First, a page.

The brand behind this popular lunchbox snack has revealed that it has faced a significant increase in the cost of producing and distributing its products.
Shoppers are reacting this week to a small but notable omission on the shelves of major supermarkets.
Popular whole grain snack Ryvita has revealed that it has faced a significant increase in the cost of producing and distributing its products.
Ryvita has been forced to reduce their availability at Coles and Woolworths stores across the country.
“We had to increase the prices at which we sell our products to retailers. Woolworths and Coles have refused to accept this increase and have made the decision to remove the sale of these products from their stores,” a representative said in a statement.
“You can still find our products at independent retailers under the IGA banner nationwide.”
The company was also seen responding to customers on its Facebook page, as crispbread enthusiasts took to social media to express their disappointment.
“Ryvita, stop advertising a product that is no longer available in major Australian supermarkets. Please explain reason for unavailability – Has Ryvita been removed from the Australian market? one woman posted on the company’s Facebook page.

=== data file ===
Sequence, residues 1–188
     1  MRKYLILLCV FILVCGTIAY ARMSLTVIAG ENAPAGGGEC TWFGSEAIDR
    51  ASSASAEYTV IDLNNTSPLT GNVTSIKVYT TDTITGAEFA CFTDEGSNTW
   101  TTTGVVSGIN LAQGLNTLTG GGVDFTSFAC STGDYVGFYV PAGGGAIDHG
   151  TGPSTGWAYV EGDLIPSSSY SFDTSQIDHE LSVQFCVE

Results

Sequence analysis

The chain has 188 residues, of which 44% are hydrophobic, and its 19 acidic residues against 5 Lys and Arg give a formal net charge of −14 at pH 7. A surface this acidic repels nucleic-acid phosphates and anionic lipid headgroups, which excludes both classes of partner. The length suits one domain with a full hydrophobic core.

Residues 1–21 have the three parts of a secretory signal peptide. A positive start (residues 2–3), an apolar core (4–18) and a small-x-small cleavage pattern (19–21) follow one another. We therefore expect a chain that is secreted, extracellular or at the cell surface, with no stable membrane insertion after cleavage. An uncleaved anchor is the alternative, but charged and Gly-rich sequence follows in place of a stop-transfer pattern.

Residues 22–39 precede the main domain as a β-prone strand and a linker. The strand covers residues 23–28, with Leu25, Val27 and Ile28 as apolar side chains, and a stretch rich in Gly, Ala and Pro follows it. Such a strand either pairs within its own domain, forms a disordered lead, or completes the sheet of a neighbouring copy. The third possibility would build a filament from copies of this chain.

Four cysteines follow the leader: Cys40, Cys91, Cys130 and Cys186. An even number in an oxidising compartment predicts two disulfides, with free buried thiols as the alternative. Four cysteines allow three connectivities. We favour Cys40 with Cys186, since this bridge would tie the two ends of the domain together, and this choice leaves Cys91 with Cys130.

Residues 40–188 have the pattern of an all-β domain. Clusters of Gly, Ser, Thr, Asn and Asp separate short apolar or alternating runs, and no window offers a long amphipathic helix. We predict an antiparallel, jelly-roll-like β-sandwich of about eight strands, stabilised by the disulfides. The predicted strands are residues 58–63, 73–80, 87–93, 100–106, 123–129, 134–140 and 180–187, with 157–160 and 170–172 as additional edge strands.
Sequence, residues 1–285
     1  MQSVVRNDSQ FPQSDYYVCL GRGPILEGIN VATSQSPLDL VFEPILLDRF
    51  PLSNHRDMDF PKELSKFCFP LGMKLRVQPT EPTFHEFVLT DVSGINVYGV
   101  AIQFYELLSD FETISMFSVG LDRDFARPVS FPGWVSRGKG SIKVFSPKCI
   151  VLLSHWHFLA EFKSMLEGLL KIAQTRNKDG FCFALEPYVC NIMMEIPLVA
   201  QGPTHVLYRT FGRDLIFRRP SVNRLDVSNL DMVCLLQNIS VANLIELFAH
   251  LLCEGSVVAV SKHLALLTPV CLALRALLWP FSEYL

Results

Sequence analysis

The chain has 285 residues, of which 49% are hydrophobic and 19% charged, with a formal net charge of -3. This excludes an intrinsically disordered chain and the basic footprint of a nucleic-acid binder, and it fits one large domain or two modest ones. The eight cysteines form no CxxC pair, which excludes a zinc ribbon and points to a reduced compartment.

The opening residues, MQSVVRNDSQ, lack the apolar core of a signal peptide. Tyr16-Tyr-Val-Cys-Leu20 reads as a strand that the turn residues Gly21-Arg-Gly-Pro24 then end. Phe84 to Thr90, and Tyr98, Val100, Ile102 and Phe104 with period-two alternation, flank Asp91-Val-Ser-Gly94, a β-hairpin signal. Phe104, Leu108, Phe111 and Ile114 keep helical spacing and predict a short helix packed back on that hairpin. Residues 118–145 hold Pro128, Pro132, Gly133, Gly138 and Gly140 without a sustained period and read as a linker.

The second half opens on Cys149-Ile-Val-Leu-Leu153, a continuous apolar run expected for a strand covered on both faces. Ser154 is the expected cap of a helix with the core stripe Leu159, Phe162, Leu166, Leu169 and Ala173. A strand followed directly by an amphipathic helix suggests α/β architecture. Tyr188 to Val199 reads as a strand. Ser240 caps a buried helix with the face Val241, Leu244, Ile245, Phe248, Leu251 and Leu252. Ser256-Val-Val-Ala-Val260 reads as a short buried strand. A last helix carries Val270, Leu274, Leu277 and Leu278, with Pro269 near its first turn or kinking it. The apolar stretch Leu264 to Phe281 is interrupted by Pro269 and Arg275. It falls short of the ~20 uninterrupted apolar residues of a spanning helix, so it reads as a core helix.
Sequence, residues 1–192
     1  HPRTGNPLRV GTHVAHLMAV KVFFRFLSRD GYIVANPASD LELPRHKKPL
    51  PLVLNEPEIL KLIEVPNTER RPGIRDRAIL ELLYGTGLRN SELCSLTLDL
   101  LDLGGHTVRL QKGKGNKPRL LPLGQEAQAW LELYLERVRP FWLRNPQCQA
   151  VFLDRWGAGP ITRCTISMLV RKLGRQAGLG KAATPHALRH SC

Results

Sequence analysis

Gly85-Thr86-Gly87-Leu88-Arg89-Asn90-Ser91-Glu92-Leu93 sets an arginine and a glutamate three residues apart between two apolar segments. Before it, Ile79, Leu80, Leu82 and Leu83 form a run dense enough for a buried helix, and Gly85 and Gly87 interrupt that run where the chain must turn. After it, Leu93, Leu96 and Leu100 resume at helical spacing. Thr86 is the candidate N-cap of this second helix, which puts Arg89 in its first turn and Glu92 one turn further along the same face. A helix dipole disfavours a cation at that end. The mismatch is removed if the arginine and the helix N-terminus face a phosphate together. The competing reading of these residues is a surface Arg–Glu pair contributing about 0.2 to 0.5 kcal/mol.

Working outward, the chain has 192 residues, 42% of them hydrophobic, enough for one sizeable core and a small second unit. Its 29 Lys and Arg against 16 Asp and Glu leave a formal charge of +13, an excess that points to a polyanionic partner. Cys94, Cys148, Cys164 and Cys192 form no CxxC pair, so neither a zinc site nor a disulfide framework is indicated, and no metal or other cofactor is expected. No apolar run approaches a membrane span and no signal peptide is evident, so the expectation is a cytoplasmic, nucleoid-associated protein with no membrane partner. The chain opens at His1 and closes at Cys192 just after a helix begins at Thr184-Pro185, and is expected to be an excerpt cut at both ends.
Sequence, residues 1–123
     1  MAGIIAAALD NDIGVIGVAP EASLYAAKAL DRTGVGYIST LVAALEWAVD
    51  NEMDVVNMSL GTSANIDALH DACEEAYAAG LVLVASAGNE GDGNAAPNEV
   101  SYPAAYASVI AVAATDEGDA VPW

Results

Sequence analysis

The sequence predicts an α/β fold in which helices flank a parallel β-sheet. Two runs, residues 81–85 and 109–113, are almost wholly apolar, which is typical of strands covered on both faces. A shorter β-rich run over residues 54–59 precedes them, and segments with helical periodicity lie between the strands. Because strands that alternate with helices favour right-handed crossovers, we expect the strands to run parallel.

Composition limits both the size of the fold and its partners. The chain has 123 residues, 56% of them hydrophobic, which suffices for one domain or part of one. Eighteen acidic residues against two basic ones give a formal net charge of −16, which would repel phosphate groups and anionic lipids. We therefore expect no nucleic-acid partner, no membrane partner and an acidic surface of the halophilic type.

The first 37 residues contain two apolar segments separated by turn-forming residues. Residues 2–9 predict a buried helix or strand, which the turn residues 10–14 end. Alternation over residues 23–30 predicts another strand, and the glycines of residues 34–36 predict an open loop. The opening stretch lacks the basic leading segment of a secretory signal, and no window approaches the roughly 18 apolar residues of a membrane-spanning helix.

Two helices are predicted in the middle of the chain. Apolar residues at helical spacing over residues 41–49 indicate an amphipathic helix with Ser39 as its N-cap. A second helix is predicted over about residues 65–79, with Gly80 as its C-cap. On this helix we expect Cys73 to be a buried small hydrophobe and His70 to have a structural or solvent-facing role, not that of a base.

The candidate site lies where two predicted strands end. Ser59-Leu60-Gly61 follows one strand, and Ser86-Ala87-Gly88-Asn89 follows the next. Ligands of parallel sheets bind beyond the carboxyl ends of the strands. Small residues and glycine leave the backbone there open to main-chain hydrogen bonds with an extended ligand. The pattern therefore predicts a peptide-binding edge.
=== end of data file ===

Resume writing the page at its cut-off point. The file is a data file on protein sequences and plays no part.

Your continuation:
“Does anyone know if this is temporary or permanent?” I would like to buy Ryvita again,” another person asked.
“What happened to the Ryvita supply in Queensland Australia? I couldn’t get it for weeks and weeks. A member of staff at Woolworths told me today that the line has now been removed. Coles still doesn’t have it on their shelves in my area either,” complained another.
Woolworths and Coles have been contacted by news.com.au for comment.
In other supermarket news, prices for fresh fruit and vegetables are set to soar in the coming weeks as supply chain gaps continue to affect Australia.
Flooding in March and heavy rains this month on the east coast of Australia disrupted regular growing conditions and closed some roads, causing further delays.
Lettuce, spinach, avocados, apples, strawberries and raspberries were the hardest hit, with some supermarkets in southeast Queensland having no supplies or selling stocks at inflated prices.
Heirloom tomatoes were selling for $16 a kilo in some areas, according to the newspaper.
Woolworths, Coles, Aldi and IGA apologized to customers, issuing supply shortage notices over the weekend.
‘We are sorry if we are missing some of your usual products,’ read a notice posted at Woolworths in Redland Bay over the weekend.
“This is due to unforeseen circumstances in our [distribution centre] who supplies this store. Deliveries continue to arrive regularly and we are restocking as quickly as possible.
Originally published as Why Ryvita disappeared from Woolworths and Coles